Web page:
Figure 5-8.Safety runner.
the ship. To do so would cause the boat to dive
against the side of the ship when the boat begins
to ride the painter, and it would probably
capsize. It is important that the sea painter be
adjusted properly and that the boat be allowed
to drop back on it so that the boat's attachment
point will be directly under the crane before
lifting. Otherwise, it may broach to and capsize
as it starts to leave the water.
Once it rides to the painter, and the slings are
attached, the boat is lifted out of the water and the engine
is secured. Steadying lines should be secured to the
cleats on the outboard side of the boat and brought back
on deck to hold the boat steady as it rises. The bow hooks
and stern hooks must fend it off the side. When the boat
is clear of the water, the engine is secured, and the plugs
should be removed (so that the bilges will drain before
the boat reaches the deck).
In operating with davits, the boat attaches to the
sea painter and the steadying lines in the same manner,
and must take the same precautions against broaching
when lifted. The falls are lowered to the boat and the
bow hook hooks the forward Raymond release hook
first (hook pointing aft). The bow hook must rotate the
block until all the twists are out of the falls before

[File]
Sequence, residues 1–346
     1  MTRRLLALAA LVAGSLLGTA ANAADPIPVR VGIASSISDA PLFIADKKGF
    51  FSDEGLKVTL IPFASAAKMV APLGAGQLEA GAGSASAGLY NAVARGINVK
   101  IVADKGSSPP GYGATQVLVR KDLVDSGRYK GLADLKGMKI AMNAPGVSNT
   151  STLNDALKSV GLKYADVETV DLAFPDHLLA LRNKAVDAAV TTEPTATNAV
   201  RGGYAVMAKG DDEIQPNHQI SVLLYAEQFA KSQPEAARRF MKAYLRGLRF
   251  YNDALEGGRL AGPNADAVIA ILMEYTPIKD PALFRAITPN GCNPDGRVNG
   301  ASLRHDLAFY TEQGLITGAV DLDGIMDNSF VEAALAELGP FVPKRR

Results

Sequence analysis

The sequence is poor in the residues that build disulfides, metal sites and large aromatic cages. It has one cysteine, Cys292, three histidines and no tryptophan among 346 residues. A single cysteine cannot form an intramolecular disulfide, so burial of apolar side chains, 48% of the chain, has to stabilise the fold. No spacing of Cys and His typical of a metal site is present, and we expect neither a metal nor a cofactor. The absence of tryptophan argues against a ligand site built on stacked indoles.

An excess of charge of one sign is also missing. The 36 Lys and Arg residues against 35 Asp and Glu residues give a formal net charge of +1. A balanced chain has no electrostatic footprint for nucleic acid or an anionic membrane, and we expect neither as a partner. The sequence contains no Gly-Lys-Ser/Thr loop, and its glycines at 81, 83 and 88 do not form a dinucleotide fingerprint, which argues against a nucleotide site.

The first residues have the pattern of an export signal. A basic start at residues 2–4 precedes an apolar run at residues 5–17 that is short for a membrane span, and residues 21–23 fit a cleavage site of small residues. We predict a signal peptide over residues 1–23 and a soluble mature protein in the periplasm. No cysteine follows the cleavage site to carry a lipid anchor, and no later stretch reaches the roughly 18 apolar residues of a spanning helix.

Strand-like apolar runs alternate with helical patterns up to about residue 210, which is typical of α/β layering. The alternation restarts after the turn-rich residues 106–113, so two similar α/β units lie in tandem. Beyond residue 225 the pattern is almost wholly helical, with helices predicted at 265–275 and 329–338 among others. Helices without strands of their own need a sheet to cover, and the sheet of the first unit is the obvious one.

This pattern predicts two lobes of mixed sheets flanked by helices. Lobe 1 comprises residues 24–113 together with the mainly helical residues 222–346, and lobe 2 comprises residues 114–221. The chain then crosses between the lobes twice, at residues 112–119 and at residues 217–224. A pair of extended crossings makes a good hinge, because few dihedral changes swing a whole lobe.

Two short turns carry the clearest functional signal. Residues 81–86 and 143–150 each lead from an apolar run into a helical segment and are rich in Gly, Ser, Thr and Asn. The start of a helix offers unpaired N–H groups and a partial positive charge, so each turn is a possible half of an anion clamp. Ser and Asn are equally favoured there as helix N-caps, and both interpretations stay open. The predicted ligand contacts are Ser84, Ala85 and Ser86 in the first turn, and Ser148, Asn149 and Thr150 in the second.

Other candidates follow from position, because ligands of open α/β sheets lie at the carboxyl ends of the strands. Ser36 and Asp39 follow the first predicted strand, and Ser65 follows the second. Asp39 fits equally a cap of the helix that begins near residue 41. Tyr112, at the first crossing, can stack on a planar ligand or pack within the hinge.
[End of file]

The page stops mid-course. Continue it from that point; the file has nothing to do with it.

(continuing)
hooking on; otherwise, a dangerous jam will occur as
the blocks draw together. Once the forward block is
hooked on, the stern hook removes the twists in the after
fall and then attaches the after Raymond release hook
(hook pointing forward). Both then secure the releasing
hooks closed by their lanyards using three figure-eights
and a half hitch. Manropes (monkey lines) are
suspended from the strongback/span wire to the boat,
and each person aboard must support part of his or her
weight on the line as the boat rises, to be ready in any
Hard hats with chin straps and inherently buoyant
life preservers must be worn by personnel when they are
being hoisted or lowered in a boat.
ALONGSIDE SHIP OR LANDING
In operating a boat, the most important point to
remember is that the stern, not the bow, goes off track
first when the rudder is turned; the boat reacts to the
rudder much faster at high speed than at low speed.
Often, when you see that you did not allow yourself
enough room for a turn, gunning of the engine will bring
it around in time. You will have to make a judgment call
All single-screw boats have right-handed screws
turning in a clockwise direction going ahead, when
viewed from astern. For this reason, the side force of
the screw, when going ahead, tends to walk the stern
to starboard when the boat is gathering headway. This
screw action means that your boat always makes a
faster turn to port than to starboard when gathering
When backing, however, the stern tends to walk to
port, no matter how much rudder you put on to the right.
If you have to back a long stretch in a straight line, back
with a hard right rudder until you start to curve to port.
Then shift your rudder and gun your engine ahead fast.
The boat straightens itself in a second, without losing
One of the first pointers you must learn about your
boat is how fast it will backdown. It is next to impossible
to back a boat in a straight line. You must use your rudder
and, at times, shift your engine to back your boat
because of the effect on the screw and rudder.
It is always easier to go alongside port-side-to than
starboard-side-to. See figure 5-9. The reason: When
you put your port bow alongside and start to back, the